N.B.: I am a book editor. It's possible (but unlikely) that I know someone mentioned somewhere in the things I've linked to.
posted by ocherdraco (16 comments total) 14 users marked this as a favorite
Don't you hate it when the double is better than the original?
posted by roll truck roll at 10:21 AM on October 30, 2009

Not really a double, I think. It kicks off with the same subject as the previous post but it's focus is the trade show itself. And a very interesting history, too!
posted by cimbrog at 10:27 AM on October 30, 2009

Google launched "Google Editions", a program to sell ebook versions of all the book they've digitized. German Chancellor Angela Merkel opened the book fair and said that she openly opposed Google: "It's clear to the German government that intellectual property rights must find their place on the internet," she continued. "For that reason we refuse to permit simple scanning of books without full protection of intellectual property rights."

Anyway, a great way to launch a new product by having it actively opposed by the head of a major government.
posted by GuyZero at 10:27 AM on October 30, 2009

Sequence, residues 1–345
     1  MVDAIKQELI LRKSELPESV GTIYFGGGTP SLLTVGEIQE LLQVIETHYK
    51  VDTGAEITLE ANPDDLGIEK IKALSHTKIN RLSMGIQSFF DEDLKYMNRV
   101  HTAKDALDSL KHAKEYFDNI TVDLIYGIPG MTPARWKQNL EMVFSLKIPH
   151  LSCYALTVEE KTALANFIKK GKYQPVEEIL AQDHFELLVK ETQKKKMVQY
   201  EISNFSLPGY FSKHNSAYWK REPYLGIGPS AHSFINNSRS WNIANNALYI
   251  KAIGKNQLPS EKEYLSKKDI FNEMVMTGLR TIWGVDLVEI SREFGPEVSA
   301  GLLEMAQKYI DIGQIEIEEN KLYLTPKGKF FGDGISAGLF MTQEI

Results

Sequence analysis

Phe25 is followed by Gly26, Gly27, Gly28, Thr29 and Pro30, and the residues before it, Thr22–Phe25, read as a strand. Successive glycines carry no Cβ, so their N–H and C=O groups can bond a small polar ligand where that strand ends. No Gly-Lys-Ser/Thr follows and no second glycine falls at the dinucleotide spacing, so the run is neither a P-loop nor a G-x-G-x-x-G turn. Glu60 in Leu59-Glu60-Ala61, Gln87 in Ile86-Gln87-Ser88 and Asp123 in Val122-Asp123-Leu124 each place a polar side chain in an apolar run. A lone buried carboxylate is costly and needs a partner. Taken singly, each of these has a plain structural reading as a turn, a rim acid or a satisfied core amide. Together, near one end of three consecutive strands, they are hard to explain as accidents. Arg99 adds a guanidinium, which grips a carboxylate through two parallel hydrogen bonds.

Sorry, I should mention that those both happened on the opening day of this year's Frankfurt Book Fair.
posted by GuyZero at 10:28 AM on October 30, 2009

Gah. I totally looked for doubles, too. This post really is about the book fair, not the flies—I hope that saves it from deletion.
posted by ocherdraco at 10:31 AM on October 30, 2009

World's largest new market, meet world's most desperate capitalists. Morals have no chance.
posted by spicynuts at 10:31 AM on October 30, 2009

Nah, this ain't a double. It is a great post. It was refreshing to read about the publishing industry worrying about something (corporate earnings expectations versus traditional publishing's earning expectations) besides new technology.
posted by Pragmatica at 10:36 AM on October 30, 2009

That Harper's article is great. I read it when the magazine was out. It sounds like such a bizarre event.
posted by chunking express at 10:36 AM on October 30, 2009

Also, for those of us in Higher Ed or Science/Journals, right behind China is the Middle East.
posted by spicynuts at 10:52 AM on October 30, 2009

The Frankfurt Book Fair blog is worth going through. Lots of interesting posts.
posted by Kattullus at 10:52 AM on October 30, 2009

Gosh, what's the censorship of a few novels here and there compares to hundreds of millions of new readers?